Ukraine Pokes Russia, Makes Move toward NATO. Was It Really Necessary?

By LaFranchi, Howard | The Christian Science Monitor, December 23, 2014 | Go to article overview

Ukraine Pokes Russia, Makes Move toward NATO. Was It Really Necessary?


LaFranchi, Howard, The Christian Science Monitor


The Ukraine parliament's vote Tuesday to nullify the country's non-aligned status is largely a symbolic gesture and does not mean Ukraine will seek NATO membership any time soon.

What the vote does promise is further ratcheting up of tensions between Ukraine and Russia, and between Western leaders and Russian President Vladimir Putin - who considers Ukraine an inseparable piece of Russia's backyard, and Ukrainian membership in the North Atlantic Treaty Organization a red line.

The vote represents one step toward fulfilling "all criteria of membership" in the North Atlantic Alliance. Perhaps the biggest impact of the vote will be to stir up waters that had begun to calm concerning embattled eastern Ukraine, some Russia analysts say. The vote came just hours after new talks were announced for this week aimed at ending Ukraine's conflict with pro-Russian rebels in eastern Ukraine.

"The real question is, why did this vote happen now, when the situation in eastern Ukraine is relatively calm?" says Paul Saunders, director of the US-Russian relations program at the Center for the National Interest in Washington.

The Ukrainian government probably felt "a little emboldened" to act as a result of the dire signs from Moscow concerning the Russian economy, Mr. Saunders says. But he adds that economic considerations are not likely to moderate Russia's reaction to the parliamentary vote.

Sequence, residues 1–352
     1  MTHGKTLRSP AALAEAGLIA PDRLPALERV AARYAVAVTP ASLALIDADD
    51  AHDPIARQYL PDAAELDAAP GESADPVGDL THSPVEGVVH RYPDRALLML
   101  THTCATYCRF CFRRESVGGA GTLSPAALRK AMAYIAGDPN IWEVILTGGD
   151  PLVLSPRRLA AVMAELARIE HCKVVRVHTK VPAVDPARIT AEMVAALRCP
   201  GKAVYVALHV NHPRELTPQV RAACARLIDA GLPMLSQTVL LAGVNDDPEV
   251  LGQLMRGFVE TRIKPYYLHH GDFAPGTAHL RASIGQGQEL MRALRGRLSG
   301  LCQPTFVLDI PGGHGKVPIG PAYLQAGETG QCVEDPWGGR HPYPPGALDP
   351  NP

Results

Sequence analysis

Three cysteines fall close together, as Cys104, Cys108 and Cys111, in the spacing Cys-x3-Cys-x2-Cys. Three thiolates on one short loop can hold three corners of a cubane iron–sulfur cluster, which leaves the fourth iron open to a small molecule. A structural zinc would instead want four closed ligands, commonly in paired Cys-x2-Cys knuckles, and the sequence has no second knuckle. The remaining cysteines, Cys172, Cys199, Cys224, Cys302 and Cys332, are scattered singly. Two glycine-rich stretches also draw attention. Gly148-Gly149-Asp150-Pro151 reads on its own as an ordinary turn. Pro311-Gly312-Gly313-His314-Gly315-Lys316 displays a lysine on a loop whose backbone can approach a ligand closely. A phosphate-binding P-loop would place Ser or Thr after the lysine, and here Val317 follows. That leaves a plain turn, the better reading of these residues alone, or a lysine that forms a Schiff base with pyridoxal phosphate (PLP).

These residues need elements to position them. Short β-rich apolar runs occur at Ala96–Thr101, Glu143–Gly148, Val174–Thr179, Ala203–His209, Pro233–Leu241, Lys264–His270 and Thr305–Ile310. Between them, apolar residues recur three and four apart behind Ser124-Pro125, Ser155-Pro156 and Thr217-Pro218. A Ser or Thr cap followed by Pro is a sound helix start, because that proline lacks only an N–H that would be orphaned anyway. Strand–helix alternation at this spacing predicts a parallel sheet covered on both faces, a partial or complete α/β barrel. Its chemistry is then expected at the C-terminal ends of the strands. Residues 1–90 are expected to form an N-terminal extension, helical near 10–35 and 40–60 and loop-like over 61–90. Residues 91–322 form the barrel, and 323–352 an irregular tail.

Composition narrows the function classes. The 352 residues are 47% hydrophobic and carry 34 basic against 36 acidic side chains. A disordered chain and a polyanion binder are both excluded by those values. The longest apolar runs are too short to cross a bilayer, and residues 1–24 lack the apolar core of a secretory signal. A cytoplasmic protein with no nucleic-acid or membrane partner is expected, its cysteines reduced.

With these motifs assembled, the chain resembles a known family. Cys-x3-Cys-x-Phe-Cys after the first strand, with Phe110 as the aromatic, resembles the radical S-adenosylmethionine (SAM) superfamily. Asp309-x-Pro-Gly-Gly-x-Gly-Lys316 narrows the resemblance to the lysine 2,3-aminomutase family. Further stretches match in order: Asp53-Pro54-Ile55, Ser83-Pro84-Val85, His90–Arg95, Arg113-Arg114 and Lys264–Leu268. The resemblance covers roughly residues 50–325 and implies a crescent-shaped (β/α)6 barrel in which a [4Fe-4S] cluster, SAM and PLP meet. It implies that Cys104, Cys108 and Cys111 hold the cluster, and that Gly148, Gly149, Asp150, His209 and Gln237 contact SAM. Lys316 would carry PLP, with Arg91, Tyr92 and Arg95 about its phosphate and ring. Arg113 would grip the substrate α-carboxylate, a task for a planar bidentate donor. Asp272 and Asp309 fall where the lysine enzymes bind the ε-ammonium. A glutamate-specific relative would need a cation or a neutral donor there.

"From Moscow's perspective this is clearly a provocative and inflammatory step," he says. Indeed, on Tuesday Russian Foreign Minister Sergei Lavrov said the vote would have "extremely negative consequences," while Prime Minister Dmitry Medvedev wrote on his Facebook page that the vote is tantamount to "an application to join NATO."

However, the parliamentary vote is highly symbolic and has little concrete impact. Ukraine President Petro Poroshenko has said a decision to seek NATO membership would come from the Ukrainian people in a referendum vote, and that such a referendum would not take place before the end of the decade.

But the parliamentary vote will add to keeping tensions alive because it feeds the perceptions that each side in the larger Ukraine-Russia conflict has about the other, Saunders says.

"If we're objective about it, how could the Kremlin annex Crimea and not expect a vote like this?" he says. "On the other hand, no one should be surprised by the Russian response. No leader," he adds, "would want to see a neighboring country move toward joining what people in his country perceive to be a hostile military alliance. …

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